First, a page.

Spring break is upon us and the blogging world is full of women patiently explaining their resort choices for 2017. It seems that everyone is preparing her wardrobe for a week’s trip to a trendy resort in Florida or a cruise through the Caribbean. Retailers are crowding their rain-drenched front windows with paper-thin maxi dresses and crisp white shorts.
Is a noisy beach party really the only option for spring break? As a native Oregonian, I don’t understand a crowded beach, and please don’t make me take a cruise. I don’t think I could stand being packed like a sardine into a tiny room on a ship full of strange people with absolutely no hiking for a week.
To each her own, I suppose.
While my spring plans do include the beach and the mountains, I’m not looking at fashionable resort towns. * Over break I will be climbing and hiking in central Oregon, and there are weekend trips to the Oregon coast on the horizon.
For years I was bamboozled by the Boden catalog’s insistence that I needed sun dresses and espadrilles at this time of year, despite the fact that I had planned a camping trip that would include 30-degree nights, muddy mountain biking and possibly clam digging.
Blessedly, I got older and smarter. My “resort” capsule can take me from the blustery Oregon Coast to a cool and cloudless day at Smith Rock.
Here’s what I’m packing:
Full confession, I have a hard time with layering. That’s because layering is really hard. Pieces get all tangled up over one another and pants that might look fantastic with a certain sweatshirt don’t work at all with my tank. Blech! I finally have a system, but it’s not nearly as simple as “just layer!”
For my upcoming trips, I’ll keep it simple. The base layer consists of a tank with a built-in bra, and leggings. I can climb, run or hike in this outfit, and it’s not likely to get so hot I’ll wish the leggings away. The muscle tank will be a light cover up when needed.
You’ll notice a stack of t-shirts, two sweatshirts, and a mid-weight jacket. These are easy to pull on and off. They’ll take the brunt of the wear over the week, so I feel fine packing all three.
This Patagonia half-zip is incredible at keeping drizzle and wind at bay. It if weren’t so comfy I’d think it was made of steal.
I’m bringing a pair of climbing pants, and one pair of stretchy jeans. I can climb in the jeans, and they’re great if I need to run into town for anything. The pants are from Title Nine (Thanks Julie!) They drape nicely but are still super tough.
The puffer vest and cable knit sweater won’t join me on a hike. They will remain back at the camp to snuggle up in as the evenings get cool.
I’m always going to want to go for a run, so sneakers will be involved in my packing. These trail running shoes are fantastic. Great for a run on or off trails, perfectly adequate for hiking, easy to slip off if I want to put on my climbing shoes. I love them.
These boots add a little more warmth in the evenings and early mornings.
A really good raincoat
My husband bought me this jacket when we were dating. It, and he, have been a great defense to whatever the world throws my way.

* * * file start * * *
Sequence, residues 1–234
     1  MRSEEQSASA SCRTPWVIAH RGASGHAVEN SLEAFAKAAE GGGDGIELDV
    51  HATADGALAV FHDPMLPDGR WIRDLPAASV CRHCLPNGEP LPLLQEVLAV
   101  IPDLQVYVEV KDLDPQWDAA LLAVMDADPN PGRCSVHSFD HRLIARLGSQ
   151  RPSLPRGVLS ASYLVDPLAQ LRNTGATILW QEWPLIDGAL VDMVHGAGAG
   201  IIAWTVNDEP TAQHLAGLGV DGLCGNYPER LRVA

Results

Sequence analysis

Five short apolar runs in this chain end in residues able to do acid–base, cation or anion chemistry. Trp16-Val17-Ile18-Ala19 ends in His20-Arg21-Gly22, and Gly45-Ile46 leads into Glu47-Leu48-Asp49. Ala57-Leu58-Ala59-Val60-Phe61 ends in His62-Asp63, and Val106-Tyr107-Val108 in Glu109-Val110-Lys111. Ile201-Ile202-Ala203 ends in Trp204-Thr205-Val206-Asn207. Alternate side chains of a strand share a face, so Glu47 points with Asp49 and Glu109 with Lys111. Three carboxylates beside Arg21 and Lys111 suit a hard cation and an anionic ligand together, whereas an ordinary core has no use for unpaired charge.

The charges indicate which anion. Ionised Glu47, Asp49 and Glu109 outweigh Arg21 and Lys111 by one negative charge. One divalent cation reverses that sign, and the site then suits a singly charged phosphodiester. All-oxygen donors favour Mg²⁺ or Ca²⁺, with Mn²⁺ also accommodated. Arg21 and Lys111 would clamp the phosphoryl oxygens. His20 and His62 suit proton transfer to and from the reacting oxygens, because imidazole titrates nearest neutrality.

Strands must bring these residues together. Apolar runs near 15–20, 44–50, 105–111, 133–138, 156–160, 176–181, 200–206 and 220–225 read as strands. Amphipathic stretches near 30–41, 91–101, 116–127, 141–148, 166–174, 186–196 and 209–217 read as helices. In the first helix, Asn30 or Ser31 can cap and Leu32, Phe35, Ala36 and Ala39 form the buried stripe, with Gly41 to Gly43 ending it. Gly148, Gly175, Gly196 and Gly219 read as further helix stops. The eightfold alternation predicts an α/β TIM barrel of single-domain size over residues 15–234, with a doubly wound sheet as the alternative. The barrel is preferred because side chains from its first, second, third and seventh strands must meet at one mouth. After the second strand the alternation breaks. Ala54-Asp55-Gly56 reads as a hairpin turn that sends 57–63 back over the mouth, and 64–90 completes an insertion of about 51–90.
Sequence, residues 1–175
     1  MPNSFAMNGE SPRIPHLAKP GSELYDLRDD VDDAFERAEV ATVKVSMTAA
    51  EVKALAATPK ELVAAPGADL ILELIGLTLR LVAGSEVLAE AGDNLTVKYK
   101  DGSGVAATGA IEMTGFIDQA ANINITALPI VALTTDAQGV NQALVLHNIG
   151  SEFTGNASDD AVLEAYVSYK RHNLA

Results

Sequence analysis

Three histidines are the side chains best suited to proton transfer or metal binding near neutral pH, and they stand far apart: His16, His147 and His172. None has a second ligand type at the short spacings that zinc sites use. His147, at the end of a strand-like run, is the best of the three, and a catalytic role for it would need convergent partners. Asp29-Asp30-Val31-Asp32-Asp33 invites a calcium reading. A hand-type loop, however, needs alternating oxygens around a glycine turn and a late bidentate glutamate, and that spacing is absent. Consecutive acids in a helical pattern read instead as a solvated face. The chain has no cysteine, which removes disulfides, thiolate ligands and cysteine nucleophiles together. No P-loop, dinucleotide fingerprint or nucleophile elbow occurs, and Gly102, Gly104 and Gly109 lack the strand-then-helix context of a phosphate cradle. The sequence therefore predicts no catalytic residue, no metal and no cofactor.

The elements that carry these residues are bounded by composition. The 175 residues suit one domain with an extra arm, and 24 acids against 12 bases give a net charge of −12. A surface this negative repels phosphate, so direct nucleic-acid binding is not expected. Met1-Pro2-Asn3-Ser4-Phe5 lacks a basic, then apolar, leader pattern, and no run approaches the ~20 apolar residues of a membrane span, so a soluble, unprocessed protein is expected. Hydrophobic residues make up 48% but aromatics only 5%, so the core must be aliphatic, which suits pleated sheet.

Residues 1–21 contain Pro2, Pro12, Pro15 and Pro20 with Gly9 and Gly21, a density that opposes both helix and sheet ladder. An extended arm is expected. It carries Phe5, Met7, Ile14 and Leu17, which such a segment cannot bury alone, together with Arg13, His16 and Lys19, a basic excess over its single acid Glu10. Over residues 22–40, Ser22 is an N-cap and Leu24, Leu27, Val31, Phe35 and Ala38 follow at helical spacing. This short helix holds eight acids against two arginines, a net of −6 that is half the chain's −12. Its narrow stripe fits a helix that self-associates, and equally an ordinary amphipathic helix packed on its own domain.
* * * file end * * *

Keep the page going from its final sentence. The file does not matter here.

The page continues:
Having an outdoor-clothing color pallet has cut down on the amount of clothing I feel the need to pack, and the amount of time I spend packing. The concept is pretty simple: I buy neutral pants (grey, black, etc.) then keep everything else neutral or in the color pallet. A few years ago I went with purple, orange and olive. Right now I am enjoying navy, deep red and orange** as the primary colors. When making the purchase of something that will get stuffed into a bag and hauled through in the dirt of central Oregon, I just make sure it works with those colors.
Make your own resort collection
Whatever your spring break plans, having go-to pieces that feel great and can hold up to the weather makes everything easier. It took me a while to get my spring break/weekend get-away look locked down, and a lot of trial and error, but I’m glad I have it.
Step 1 – Think about the following questions: What do you want to do? What do you have to do? What does the weather look like where you want to do it? Then plan the ideal wardrobe for your activities. Don’t hold back here. What would you really like to be wearing?
Step 2 – Search your closet: Find clothes you have, and honestly like, that will fit the bill for your upcoming adventures. Be wary of packing something you don’t really love just because it fits a need. If you don’t like your rain jacket at home, you’re not going to like it any more once you’ve drug it half way across the state and gotten caught in a rain storm.
Step 3 – Fill the holes: While Mud and Grace is a huge proponent of using what you have and buying 2nd hand whenever possible, outdoor gear isn’t something that can be easily fudged. Water resistance, sweat-wicking, quick drying; these technologies can make the difference between a miserable or fabulous experience. For your outdoor gear, buy what you need, and keep it forever. Think about keeping it to neutrals and three main color choices.
Step 4 – Get out there and have fun.
We live in a country where a crazy beach or boat full of people in full-price name-brand clothing is sold as the norm for a spring get-away, but my guess is many of us opt for something different. Invest in the clothing you need for your idea of relaxation, whether you are snowshoeing in the backcountry, or curling up with a book at a cabin by the lake. There will be plenty of time for sundresses and espadrilles come summer.
* Sorry, Yachats. I love you, but there are simply too many utilikilts per capita for you to be considered fashionable.
**Orange? That’s not a color you see a lot of on Mud and Grace. But somehow it just keeps showing up in my outdoor stuff, so I’m going to roll with it.